He eventually wins a plantation in a poker game and spends a long time building it up and having it be one of the richest ones in the area. He then decides to marry, but while these Southern families enjoy his wealth and propsperity; none could ever think of marrying their daughter to an Irish immigrant who’s family is unknown. The only thing for him to do is try to find a woman somewhere else, as he returns to his brother for help in finding a bride.
Yes, most don’t realize this but the wealthy South wanted to be like the old manors of Europe. Be the master of the land with pure bloodlines of other wealthy families, not bringing any low class in, and very racist against any that weren’t established in their group. This kind of racism against the Irish and Catholics went much farther than the South and was seen all over the country. Many times Irishmen and women had the lowest class jobs, found it hard to get land and keep it, and found themselves competing against African Americans who would work for lower wages (in the North). While Gerald O’Hara does extremely well, a lot of Irish weren’t able to ever reach that, especially in the South at this time.
B) Scarlet O’Hara
Scarlett is a Southern women in the Antebellum period and has very little schooling. All that is expected of her is to marry well and have plenty of children. But Scarlet has always felt different and out of touch with the time she lives in.
She is extremely intelligent and has great business acumen. In fact it is often remarked that if her brain had been born into a boy she would have been able to go far.
Scarlet doesn’t have life easy either. With the Civil War she finds herself becoming a nurse, a midwife, and eventually has to take on the plantation or risk starvation. Because of those experiences it makes her hard, as with the book we see how she is constantly worried if things will turn out alright, if they can make it, or if they will be back to starvation; everyone looking at her to take care of everything.
That is an incredible burden to be laid on a teenager (as she is about 17 or 18), let alone one who’s education was “how to look her prettiest”. She becomes tough because if she doesn’t, none of them will survive.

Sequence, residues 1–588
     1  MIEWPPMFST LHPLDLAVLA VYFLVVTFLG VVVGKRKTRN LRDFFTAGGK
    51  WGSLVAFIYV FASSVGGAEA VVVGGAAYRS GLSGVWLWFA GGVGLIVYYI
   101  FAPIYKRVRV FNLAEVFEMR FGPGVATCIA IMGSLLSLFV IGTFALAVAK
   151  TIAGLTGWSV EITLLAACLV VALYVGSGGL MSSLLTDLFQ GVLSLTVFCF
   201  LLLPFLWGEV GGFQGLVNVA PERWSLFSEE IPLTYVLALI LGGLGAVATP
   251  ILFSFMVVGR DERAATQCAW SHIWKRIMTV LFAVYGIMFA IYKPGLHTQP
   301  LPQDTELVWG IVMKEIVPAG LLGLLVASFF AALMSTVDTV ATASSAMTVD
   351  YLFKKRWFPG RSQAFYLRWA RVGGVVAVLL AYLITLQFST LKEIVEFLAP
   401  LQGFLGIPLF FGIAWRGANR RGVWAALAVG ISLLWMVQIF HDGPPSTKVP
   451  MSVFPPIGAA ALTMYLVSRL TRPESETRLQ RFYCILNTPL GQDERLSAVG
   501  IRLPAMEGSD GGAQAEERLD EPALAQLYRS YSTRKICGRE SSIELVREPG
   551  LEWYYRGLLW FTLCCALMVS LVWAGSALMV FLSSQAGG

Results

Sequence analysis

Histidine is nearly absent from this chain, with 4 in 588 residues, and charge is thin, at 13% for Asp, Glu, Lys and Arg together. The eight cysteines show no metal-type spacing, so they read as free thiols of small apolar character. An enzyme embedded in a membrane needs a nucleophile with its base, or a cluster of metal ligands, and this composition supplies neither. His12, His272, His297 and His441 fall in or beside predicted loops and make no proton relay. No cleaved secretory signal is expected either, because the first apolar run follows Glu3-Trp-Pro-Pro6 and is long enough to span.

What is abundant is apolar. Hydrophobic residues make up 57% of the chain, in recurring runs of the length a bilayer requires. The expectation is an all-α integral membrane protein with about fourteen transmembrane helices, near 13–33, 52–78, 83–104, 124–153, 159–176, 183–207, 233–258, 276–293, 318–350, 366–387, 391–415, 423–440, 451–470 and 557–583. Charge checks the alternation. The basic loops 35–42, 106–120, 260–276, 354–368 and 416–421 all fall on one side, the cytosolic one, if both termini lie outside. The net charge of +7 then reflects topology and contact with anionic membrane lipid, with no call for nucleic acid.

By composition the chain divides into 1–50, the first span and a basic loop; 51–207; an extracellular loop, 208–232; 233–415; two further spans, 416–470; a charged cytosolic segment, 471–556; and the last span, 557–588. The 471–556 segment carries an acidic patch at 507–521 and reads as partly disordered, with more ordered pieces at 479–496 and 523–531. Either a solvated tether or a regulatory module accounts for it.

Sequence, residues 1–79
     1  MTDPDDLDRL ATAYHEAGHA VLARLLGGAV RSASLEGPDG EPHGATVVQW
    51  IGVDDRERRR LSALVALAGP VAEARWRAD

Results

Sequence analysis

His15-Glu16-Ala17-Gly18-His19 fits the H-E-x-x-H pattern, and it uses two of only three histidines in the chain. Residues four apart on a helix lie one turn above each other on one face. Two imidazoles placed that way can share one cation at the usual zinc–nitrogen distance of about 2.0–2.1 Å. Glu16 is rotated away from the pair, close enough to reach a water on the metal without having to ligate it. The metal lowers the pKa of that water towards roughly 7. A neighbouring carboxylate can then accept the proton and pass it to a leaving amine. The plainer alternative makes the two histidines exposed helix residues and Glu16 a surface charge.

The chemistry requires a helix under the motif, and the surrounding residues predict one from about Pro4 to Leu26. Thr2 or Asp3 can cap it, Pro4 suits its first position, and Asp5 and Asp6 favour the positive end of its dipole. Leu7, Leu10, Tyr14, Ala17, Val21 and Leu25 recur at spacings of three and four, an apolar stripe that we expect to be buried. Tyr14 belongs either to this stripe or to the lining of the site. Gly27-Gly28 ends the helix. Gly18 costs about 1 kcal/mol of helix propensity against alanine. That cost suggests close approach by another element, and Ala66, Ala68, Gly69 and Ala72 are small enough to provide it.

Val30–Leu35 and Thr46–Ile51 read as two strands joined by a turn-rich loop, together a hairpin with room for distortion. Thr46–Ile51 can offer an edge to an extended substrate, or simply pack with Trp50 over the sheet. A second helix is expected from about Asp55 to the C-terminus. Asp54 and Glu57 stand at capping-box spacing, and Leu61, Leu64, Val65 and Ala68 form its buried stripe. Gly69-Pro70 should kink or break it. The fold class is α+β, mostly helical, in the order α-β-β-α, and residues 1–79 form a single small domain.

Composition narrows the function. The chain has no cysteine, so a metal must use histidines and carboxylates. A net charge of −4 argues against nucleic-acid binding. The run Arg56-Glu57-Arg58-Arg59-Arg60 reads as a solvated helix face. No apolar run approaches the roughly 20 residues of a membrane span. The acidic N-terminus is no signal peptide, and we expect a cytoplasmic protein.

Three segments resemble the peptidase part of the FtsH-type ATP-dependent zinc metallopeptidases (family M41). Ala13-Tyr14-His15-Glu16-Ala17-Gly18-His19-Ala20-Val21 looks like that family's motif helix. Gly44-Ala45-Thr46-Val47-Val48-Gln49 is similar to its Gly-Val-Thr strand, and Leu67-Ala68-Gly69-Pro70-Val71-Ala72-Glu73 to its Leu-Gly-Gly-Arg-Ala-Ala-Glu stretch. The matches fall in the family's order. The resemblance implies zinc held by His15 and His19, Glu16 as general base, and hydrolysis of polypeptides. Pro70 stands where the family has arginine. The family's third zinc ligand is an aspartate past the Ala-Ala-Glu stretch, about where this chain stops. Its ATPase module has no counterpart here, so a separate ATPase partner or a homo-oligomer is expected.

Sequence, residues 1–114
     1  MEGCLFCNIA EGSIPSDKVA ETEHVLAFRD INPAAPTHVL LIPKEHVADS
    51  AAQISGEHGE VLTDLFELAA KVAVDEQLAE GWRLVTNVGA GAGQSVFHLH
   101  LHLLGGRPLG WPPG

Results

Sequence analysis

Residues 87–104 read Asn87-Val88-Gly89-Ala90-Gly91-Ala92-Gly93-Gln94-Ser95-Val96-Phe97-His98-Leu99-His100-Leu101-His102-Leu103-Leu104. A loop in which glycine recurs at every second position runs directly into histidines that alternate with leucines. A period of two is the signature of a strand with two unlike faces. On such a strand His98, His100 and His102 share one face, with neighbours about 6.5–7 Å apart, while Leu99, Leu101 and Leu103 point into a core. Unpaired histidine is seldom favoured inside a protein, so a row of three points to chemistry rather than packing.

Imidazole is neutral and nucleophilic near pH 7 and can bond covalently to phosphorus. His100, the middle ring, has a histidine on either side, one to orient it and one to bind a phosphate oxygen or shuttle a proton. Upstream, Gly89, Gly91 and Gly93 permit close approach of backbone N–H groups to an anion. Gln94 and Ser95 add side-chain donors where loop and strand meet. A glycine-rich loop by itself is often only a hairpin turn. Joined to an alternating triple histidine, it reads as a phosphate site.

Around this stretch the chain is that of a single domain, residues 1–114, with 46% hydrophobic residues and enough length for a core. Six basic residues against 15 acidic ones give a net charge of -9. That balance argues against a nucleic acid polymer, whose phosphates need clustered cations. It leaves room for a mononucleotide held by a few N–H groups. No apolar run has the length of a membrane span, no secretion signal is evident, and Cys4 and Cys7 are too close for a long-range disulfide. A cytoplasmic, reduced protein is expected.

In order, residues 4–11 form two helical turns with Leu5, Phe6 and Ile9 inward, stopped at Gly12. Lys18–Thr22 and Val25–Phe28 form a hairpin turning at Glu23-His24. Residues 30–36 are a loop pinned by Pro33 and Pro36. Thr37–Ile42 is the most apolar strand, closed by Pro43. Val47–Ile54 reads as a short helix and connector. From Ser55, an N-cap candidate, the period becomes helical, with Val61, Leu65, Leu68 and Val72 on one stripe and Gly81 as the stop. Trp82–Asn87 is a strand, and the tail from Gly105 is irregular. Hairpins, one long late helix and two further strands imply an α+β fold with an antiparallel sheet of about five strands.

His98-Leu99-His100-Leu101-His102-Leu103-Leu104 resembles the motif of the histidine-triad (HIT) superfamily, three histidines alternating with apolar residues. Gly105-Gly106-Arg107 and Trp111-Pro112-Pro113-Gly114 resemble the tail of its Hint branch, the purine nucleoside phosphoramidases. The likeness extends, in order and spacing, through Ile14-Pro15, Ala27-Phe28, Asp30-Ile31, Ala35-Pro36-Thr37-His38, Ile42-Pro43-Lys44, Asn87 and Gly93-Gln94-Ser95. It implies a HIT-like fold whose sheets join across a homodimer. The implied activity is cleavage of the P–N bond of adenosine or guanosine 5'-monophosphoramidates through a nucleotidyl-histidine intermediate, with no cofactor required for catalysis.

When the home is attacked, she defends it shooting the deserter and protecting the home and people.
Now she does steal her sister’s boyfriend, so she has faults, but she does it because she has foresight none of the others do. He has a hardware store, but when Scarlet takes over she also creates a lumber mill, triples the money, and is able to provide for everyone. Even though she accomplishes all this everyone still tells her she isn’t being a lady, running businesses and doing better than her husband. They try to convince her to stop, but she keeps on doing it. Using her “ladies mind” which contains a powerful way with numbers.
She continues to be this strong, forceful woman throughout the rest of the novel; even though she does make a lot of bad personal decisions. Still, for a woman in the 1800s to have her own business, earn her own money, choose who she will marry (several times), is pretty awesome! She is a powerhouse of a character.
C) Not as Racist as People Think
People had slaves and if a book mentions it, that is not racist. In fact in this book the slaves aren’t really shown to be stupid, slow, or other clichés; except Lettie who is mentally disabled (something we understand more now than we did then). There is the house slave who didn’t want to work in the fields, but being a house slave was seen as better than an outdoor slave and slaves on the inside often treated the field slaves as being lower class.
In fact this book isn’t racist to African Americans, but points out racism and hypocrisy that African Americans faced from those who were trying to free them. It is often remarked that while the North wanted the Southern slaves to be free, that did not mean they actually wanted to work with those freed slaves or have them near. There were plenty of racist people living in the North fighting for African American rights, but if they were near an African American they would still treat them cruelly. Mitchell points this out when the new Republicans brought in by Reconstruction say they would never have an African American nanny their children as they have “diseases” and “uncouth ways”. In fact they would much rather ship over an Irish immigrant than ever let their child be touched by someone black.
Many say that Mitchell started this “Mamie” stereotype creating a myth that all Africans were pleased with being slaves; which Mitchell does not do. Like The Help, which by the way everyone loved and praised, she shows that because the nannies lived in the house and raised the children they sometimes became like family. It didn’t happen with everyone, but in this case Mamie was a mother to Scarlet more than her own mother.